The system design process needs to cope with the increasing complexity and size of systems, motivating the replacement of labor intensive manual techniques with automated and semi-automated approaches. Recently, formal methods techniques, such as model-based verification and safety assessment, have been increasingly used to model systems under fault and to analyze them, generating artifacts such as fault trees and FMEA tables. In this paper, we show how to apply model-based techniques to a realistic case study from the avionics domain: a high integrity power distribution system, the Triple Modular Generator (TMG). The TMG is composed of a redundant and reconfigurable plant and a controller that must guarantee a high level of reliability. The case study is a significant challenge, from the modeling perspective, since it implements a complex reconfiguration policy, specified via a number of requirements in natural language, including a set of mutually dependent and potentially conflicting priority constraints. Moreover, from the verification standpoint, the controller must be able to handle an exponential number of possible faulty configurations. Our contribution is twofold. First, we formalize and validate the requirements and, using a constraint-based modeling style, we synthesize a correct by construction controller, avoiding the enumeration of all possible fault configurations, as is currently done by manual approaches. Second, we describe a comprehensive methodology and process, supported by the XSAP safety analysis platform that targets the modeling and safety assessment of faulty systems. Using XSAP, we are able to automatically extract minimal cut sets for the TMG. We demonstrate the scalability of our approach by analyzing a parametric version of the TMG case study that contains more than 700 variables and 90 faults.

Model-based Safety Assessment of a Triple Modular Generator with XSAP

Marco Bozzano;Alessandro Cimatti;Marco Gario;Cristian Mattarei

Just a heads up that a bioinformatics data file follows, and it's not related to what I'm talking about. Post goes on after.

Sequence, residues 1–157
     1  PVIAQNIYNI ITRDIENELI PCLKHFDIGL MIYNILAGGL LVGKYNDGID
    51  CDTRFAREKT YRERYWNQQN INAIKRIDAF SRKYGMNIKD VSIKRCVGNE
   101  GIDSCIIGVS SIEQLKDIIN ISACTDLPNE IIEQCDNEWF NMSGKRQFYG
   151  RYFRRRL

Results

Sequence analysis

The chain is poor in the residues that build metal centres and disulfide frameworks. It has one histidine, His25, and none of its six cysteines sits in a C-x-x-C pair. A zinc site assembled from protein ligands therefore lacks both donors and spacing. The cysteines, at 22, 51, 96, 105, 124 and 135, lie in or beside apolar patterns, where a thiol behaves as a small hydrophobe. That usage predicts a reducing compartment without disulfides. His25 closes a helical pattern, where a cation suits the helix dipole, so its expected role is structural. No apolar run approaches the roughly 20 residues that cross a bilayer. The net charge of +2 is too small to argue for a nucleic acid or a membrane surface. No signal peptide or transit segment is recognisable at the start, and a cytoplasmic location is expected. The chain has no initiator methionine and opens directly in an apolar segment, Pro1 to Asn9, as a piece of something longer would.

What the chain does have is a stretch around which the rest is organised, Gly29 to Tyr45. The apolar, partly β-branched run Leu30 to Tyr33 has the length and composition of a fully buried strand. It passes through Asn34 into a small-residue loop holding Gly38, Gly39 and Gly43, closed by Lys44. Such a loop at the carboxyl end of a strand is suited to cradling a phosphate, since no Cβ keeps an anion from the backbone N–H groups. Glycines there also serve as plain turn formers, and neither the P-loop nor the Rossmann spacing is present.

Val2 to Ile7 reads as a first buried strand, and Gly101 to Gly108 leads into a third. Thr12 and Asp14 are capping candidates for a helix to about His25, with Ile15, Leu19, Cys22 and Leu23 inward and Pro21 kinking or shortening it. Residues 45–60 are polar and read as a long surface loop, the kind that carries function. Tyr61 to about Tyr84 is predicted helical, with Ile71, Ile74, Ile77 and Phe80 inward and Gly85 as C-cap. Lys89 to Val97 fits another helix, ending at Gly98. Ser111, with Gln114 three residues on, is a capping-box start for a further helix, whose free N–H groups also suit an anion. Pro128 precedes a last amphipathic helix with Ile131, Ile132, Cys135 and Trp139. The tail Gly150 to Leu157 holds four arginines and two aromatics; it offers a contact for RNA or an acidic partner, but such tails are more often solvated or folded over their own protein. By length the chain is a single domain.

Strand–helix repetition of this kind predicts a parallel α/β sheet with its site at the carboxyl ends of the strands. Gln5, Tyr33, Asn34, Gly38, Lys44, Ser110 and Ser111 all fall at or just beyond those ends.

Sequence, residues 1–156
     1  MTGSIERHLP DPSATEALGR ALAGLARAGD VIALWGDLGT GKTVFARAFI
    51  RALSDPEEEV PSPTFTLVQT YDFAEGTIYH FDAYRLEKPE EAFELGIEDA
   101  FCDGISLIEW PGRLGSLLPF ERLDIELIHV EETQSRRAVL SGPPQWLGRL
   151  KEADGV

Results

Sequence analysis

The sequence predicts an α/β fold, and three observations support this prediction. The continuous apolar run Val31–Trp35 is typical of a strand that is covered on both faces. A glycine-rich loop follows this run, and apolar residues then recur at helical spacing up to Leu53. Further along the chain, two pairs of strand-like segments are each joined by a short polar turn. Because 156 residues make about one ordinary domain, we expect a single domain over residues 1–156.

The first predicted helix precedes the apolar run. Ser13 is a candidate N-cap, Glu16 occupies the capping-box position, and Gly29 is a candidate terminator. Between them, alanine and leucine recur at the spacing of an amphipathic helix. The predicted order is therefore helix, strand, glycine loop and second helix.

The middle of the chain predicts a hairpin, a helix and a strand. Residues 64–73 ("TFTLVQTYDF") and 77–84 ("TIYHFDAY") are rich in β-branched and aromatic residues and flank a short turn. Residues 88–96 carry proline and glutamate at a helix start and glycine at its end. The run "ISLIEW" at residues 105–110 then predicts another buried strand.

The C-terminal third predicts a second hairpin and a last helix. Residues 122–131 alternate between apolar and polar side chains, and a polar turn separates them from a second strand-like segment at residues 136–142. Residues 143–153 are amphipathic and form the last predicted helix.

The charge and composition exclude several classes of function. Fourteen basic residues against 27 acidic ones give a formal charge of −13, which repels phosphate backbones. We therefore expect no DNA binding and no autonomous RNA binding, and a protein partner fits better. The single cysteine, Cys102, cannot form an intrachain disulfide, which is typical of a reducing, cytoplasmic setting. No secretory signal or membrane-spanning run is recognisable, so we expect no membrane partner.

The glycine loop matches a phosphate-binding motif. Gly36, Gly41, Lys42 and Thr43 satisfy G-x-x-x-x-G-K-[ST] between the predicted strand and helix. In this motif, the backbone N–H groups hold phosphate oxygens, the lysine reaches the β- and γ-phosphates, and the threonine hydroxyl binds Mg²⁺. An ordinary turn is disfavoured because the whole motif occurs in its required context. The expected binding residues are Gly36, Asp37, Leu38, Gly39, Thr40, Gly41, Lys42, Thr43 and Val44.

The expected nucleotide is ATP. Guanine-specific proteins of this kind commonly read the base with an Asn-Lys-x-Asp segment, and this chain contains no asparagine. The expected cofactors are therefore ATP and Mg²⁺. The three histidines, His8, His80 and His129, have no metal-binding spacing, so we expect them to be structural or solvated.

2021

Abstract

The system design process needs to cope with the increasing complexity and size of systems, motivating the replacement of labor intensive manual techniques with automated and semi-automated approaches. Recently, formal methods techniques, such as model-based verification and safety assessment, have been increasingly used to model systems under fault and to analyze them, generating artifacts such as fault trees and FMEA tables. In this paper, we show how to apply model-based techniques to a realistic case study from the avionics domain: a high integrity power distribution system, the Triple Modular Generator (TMG). The TMG is composed of a redundant and reconfigurable plant and a controller that must guarantee a high level of reliability. The case study is a significant challenge, from the modeling perspective, since it implements a complex reconfiguration policy, specified via a number of requirements in natural language, including a set of mutually dependent and potentially conflicting priority constraints. Moreover, from the verification standpoint, the controller must be able to handle an exponential number of possible faulty configurations. Our contribution is twofold. First, we formalize and validate the requirements and, using a constraint-based modeling style, we synthesize a correct by construction controller, avoiding the enumeration of all possible fault configurations, as is currently done by manual approaches. Second, we describe a comprehensive methodology and process, supported by the XSAP safety analysis platform that targets the modeling and safety assessment of faulty systems. Using XSAP, we are able to automatically extract minimal cut sets for the TMG. We demonstrate the scalability of our approach by analyzing a parametric version of the TMG case study that contains more than 700 variables and 90 faults.
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Utilizza questo identificativo per citare o creare un link a questo documento: http://hdl.handle.net/11582/324292
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